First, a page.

Should Congress Take Down Its Statue of Racist Chief Justice Roger Taney?
Congress is currently weighing a bill that would remove the bust of Roger B. Taney that is on display in the old Supreme Court chambers inside the capitol. Taney, who served as chief justice of the United States from 1836 to 1864, is best known as the author of Dred Scott v. Sandford (1857), the notorious case which said that black Americans have “no rights which the white man was bound to respect.”
Taney stands out as a uniquely odious figure in American history. One of the big questions in Dred Scott was whether Scott had standing as a U.S. citizen to sue in federal court. Taney’s opinion rejected the idea of black citizenship outright.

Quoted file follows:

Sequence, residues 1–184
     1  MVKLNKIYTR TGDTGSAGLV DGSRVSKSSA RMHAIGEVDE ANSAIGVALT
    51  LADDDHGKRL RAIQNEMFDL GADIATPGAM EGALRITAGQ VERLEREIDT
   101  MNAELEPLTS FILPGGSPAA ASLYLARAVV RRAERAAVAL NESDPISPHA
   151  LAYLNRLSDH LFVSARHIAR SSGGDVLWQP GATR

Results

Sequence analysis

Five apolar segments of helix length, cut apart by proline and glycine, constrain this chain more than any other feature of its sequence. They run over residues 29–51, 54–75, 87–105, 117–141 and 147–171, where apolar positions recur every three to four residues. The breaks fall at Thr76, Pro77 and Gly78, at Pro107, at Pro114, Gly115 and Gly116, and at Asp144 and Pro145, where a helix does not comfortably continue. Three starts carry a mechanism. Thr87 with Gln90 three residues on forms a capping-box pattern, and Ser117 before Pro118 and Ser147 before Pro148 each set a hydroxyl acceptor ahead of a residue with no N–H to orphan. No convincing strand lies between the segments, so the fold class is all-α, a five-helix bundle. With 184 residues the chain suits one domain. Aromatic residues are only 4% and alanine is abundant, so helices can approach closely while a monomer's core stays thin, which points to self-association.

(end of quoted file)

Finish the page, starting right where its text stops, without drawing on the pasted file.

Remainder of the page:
Blacks “are not included, and were not intended to be included, under the word ‘citizens’ in the Constitution,” Taney asserted. At the time of the founding, blacks “had for more than a century before been regarded as beings of an inferior order.” In Taney’s view, black Americans were entitled to nothing more than whatever cursory privileges “as those who held the power and the Government might choose to give them.”
In addition to being wildly racist,
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